Electronic Writing Centers: Computing the Field of Composition

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Greenwood Publishing Group, 1999 - Language Arts & Disciplines - 146 pages

This book describes the emerging practice of e-mail tutoring; one-to-one correspondence between college students and writing tutors conducted over electronic mail. It reviews the history of Composition Studies, paying special attention to those ways in which writing centers and computers and composition have been previously hailed within a narrative of functional literacy and quick-fix solutions. The author suggests a new methodology for tutoring, and a new mandate for the writing center: a strong connection between the rhythms of extended, asynchronous writing and dialogic literacy. The electronic writing center can become a site for informed resistance to functional literacy.


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2 Email Tutoring and Dialogic Literacy
3 The Medium is Not the Message
4 The Idea of an Electronic Writing Center
5 Computing the Field of Composition

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Page 7 - I shall then suggest that ideology 'acts' or 'functions' in such a way that it 'recruits' subjects among the individuals (it recruits them all), or 'transforms' the individuals into subjects (it transforms them all) by that very precise operation which I have called interpellation or hailing, and which can be imagined along the lines of the most commonplace everyday police (or other) hailing: 'Hey, you there!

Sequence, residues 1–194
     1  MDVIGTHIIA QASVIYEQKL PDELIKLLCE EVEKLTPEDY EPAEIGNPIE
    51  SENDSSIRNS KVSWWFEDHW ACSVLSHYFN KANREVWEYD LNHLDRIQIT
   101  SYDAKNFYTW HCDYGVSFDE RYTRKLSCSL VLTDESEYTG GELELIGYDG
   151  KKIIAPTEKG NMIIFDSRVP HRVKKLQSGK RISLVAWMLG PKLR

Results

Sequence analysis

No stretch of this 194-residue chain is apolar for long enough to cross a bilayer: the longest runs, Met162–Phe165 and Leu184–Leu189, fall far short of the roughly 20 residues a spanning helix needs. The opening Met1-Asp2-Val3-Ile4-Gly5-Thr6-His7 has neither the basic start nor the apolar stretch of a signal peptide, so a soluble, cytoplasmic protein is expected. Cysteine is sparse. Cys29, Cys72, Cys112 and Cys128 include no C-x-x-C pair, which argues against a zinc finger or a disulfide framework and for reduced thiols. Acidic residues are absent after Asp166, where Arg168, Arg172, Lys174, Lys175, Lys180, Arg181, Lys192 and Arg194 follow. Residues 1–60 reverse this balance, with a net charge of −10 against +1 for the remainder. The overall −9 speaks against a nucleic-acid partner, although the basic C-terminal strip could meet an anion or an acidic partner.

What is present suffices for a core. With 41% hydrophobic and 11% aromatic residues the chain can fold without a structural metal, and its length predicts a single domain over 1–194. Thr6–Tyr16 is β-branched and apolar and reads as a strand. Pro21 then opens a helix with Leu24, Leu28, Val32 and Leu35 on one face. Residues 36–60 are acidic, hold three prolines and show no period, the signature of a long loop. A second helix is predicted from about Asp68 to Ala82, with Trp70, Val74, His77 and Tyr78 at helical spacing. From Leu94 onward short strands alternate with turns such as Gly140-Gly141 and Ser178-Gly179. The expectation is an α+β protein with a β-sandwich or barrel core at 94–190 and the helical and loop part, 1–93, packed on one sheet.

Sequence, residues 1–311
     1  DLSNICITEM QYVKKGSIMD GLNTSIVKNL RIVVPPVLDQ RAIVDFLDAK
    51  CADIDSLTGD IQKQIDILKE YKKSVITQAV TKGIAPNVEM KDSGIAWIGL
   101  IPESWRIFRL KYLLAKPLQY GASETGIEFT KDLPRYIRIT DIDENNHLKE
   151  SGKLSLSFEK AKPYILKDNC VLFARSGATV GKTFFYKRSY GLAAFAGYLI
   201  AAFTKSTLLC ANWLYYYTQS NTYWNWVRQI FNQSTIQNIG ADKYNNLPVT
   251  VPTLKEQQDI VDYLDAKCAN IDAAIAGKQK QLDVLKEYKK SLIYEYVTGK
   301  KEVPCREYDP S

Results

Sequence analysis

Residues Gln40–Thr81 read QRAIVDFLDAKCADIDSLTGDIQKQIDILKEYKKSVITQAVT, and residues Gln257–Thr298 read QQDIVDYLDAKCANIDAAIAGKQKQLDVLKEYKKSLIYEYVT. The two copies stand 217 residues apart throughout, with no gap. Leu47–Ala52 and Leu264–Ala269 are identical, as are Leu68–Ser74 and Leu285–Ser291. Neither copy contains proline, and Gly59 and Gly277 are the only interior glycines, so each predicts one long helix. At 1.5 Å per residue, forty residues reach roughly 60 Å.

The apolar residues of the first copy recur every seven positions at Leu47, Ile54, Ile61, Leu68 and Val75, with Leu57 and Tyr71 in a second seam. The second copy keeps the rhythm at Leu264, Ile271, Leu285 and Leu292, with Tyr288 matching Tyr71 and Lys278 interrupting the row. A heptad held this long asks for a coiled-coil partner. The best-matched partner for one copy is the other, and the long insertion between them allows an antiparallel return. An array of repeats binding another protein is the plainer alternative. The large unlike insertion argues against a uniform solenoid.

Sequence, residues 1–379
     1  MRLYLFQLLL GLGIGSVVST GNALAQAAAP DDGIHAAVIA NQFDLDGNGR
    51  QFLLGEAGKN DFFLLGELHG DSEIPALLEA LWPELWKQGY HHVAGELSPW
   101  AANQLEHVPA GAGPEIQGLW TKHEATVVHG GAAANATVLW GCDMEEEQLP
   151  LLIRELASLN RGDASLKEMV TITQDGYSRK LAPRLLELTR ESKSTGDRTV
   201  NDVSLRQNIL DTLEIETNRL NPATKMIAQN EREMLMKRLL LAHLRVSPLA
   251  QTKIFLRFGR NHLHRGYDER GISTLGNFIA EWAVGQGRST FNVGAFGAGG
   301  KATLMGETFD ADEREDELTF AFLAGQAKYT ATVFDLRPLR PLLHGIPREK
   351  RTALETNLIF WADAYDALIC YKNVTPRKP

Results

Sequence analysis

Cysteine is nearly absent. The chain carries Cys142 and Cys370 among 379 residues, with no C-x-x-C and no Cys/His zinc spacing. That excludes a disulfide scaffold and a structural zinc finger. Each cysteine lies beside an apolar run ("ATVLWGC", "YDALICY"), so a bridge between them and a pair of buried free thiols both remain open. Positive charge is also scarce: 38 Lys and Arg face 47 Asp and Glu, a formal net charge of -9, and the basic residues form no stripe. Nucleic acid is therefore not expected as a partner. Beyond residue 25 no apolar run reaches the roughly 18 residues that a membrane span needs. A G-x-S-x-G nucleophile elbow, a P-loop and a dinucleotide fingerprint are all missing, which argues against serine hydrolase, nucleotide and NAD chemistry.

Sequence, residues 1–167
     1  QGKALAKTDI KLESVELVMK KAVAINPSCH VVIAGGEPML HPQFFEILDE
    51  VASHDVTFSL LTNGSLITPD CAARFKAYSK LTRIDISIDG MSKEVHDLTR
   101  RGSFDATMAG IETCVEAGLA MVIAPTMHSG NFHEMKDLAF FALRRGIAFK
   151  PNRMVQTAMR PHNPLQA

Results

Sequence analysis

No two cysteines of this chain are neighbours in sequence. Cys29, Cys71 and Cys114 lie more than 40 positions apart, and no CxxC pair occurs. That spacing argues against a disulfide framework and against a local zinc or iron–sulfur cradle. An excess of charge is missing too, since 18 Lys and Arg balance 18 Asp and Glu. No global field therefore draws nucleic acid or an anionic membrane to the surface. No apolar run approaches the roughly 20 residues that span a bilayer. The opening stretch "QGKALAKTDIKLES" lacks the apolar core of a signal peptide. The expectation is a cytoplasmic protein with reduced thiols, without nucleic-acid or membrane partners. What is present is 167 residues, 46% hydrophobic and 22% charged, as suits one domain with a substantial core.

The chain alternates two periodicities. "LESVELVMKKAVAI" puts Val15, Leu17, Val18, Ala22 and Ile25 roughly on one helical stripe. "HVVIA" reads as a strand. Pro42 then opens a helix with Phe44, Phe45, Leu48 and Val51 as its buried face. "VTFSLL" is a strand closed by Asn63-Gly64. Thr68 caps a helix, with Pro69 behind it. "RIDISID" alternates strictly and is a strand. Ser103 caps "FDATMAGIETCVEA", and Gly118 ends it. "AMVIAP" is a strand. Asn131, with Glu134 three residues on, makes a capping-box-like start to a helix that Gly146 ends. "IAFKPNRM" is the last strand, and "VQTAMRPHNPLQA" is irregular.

About the author (1999)

DAVID COOGAN is Assistant Professor of English in the Department of Humanities at the Illinois Institute of Technology, He teaches courses in writing, the rhetoric of technology, technical communications, and poetry. His work has appeared in the journal, Computers and Composition and the anthology Wiring the Writing Center. His current research explores the intersection between rhetorical theory, technical communications, and technological change.

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